Laser tech could help prevent wildfires by controlling lightning strikes

While fascinating to the eye, dry lightning strikes are actually an ominous phenomenon, especially during wildfire seasons. In the past year alone, the blazes of several large bushfires in Australia and the western US are thought to have been sparked by lightning strikes.

A team of international scientists believes they have found a way to navigate these threatening electrical discharges away from wildfire-prone areas to a safe target, with the help of laser technology.

The authors of a new research paper from the University of South Wales claim that small, portable laser pointers could be used to guide lightning strikes. As explained by co-author professor Andrey Miroshnichenko, storm clouds could be short-circuited by using a hollow laser, similar to a pipe of light, to deliver particles into the clouds and draw lightning strikes.

The concept isn’t new. Previous attempts to guide lightning bolts have been made by scientists, only these involved high-powered lasers which made the technique dangerous, expensive, and unreliable. But according to the recent study, the idea might work just as well, using small, low-intensity laser pointers.

In a lab environment, the scientists used a laser tractor beam to predict the path of an electrical discharge to specific targets. “It turns out that to deliver particles, you do not need high-intensity lasers, even low intensity like your laser pointer will be already enough,” Miroshnichenko said. Using a tractor beam with a hollow center, micro-particles in the air could be heated up and delivered to a specific point and trigger an electrical discharge.

Although the method is yet to be tested outside the lab, it could potentially be used to control dry lightning strikes and thus prevent bolts from sparking wildfires. “We can imagine a future where this technology may induce electrical discharge from passing lightning, helping to guide it to safe targets and reduce the risk of catastrophic fires,” said co-researcher Vladlen Shvedov from the ANU Research School of Physics.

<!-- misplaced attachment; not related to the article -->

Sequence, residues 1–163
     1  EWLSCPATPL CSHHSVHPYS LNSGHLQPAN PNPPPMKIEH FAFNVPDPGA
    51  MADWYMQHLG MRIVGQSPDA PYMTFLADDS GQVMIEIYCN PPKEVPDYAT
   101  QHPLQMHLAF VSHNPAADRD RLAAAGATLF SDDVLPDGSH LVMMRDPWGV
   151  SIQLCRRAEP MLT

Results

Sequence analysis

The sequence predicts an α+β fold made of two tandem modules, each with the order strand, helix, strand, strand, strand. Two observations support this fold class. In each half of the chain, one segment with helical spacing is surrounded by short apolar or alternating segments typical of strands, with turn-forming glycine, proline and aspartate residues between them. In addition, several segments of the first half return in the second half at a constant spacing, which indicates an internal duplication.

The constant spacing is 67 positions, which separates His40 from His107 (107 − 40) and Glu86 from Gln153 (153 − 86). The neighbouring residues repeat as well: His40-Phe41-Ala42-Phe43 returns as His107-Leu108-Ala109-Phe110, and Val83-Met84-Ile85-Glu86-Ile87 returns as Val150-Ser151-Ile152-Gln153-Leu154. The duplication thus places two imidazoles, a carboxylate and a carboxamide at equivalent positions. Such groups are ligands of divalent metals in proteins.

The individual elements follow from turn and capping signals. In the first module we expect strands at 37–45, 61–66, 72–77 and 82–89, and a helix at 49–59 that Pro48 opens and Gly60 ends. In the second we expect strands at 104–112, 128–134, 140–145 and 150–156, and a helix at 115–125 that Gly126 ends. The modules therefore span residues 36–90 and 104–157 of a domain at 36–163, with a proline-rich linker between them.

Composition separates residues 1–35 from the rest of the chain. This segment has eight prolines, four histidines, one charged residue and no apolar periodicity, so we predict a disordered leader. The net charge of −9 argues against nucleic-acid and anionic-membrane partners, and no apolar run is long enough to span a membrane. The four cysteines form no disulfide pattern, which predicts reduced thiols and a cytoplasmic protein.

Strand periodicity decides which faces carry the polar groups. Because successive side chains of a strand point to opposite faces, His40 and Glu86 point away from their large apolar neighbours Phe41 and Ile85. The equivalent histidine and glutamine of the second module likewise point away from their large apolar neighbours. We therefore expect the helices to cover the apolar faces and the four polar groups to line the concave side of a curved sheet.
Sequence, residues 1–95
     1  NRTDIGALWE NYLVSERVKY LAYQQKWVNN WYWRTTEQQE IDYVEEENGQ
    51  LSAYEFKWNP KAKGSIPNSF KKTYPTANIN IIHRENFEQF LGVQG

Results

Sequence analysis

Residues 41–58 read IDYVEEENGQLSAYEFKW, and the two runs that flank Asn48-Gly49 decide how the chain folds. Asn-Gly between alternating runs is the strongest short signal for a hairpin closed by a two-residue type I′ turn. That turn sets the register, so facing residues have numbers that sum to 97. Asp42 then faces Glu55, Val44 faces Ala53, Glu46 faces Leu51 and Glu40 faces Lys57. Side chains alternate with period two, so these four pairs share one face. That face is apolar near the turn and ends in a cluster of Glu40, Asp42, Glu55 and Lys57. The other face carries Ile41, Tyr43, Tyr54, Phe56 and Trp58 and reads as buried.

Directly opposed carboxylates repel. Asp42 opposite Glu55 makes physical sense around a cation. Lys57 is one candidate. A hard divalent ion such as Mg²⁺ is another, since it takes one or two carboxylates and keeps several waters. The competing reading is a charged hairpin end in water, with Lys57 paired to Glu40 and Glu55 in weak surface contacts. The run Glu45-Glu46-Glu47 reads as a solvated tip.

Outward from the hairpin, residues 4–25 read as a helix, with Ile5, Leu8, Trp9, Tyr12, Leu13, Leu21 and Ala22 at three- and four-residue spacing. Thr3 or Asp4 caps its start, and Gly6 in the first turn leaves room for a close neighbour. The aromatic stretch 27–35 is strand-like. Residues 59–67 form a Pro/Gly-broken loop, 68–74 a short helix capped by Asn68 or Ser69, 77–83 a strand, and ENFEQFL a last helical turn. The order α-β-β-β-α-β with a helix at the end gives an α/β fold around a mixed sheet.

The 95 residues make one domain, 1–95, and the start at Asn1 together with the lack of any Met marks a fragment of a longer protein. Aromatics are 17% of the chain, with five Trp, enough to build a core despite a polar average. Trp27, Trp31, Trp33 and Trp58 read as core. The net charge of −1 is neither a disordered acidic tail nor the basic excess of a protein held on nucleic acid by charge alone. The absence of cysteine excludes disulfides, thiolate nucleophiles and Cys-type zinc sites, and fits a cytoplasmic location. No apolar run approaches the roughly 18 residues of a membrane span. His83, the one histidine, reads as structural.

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Laser tech could help prevent wildfires by controlling lightning strikes

While fascinating to the eye, dry lightning strikes are actually an ominous phenomenon, especially during wildfire seasons. In the past year alone, the blazes of several large bushfires in Australia and the western US are thought to have been sparked by lightning strikes.

A team of international scientists believes they have found a way to navigate these threatening electrical discharges away from wildfire-prone areas to a safe target, with the help of laser technology.

The authors of a new research paper from the University of South Wales claim that small, portable laser pointers could be used to guide lightning strikes. As explained by co-author professor Andrey Miroshnichenko, storm clouds could be short-circuited by using a hollow laser, similar to a pipe of light, to deliver particles into the clouds and draw lightning strikes.

The concept isn’t new. Previous attempts to guide lightning bolts have been made by scientists, only these involved high-powered lasers which made the technique dangerous, expensive, and unreliable. But according to the recent study, the idea might work just as well, using small, low-intensity laser pointers.

In a lab environment, the scientists used a laser tractor beam to predict the path of an electrical discharge to specific targets. “It turns out that to deliver particles, you do not need high-intensity lasers, even low intensity like your laser pointer will be already enough,” Miroshnichenko said. Using a tractor beam with a hollow center, micro-particles in the air could be heated up and delivered to a specific point and trigger an electrical discharge.

Although the method is yet to be tested outside the lab, it could potentially be used to control dry lightning strikes and thus prevent bolts from sparking wildfires. “We can imagine a future where this technology may induce electrical discharge from passing lightning, helping to guide it to safe targets and reduce the risk of catastrophic fires,” said co-researcher Vladlen Shvedov from the ANU Research School of Physics.

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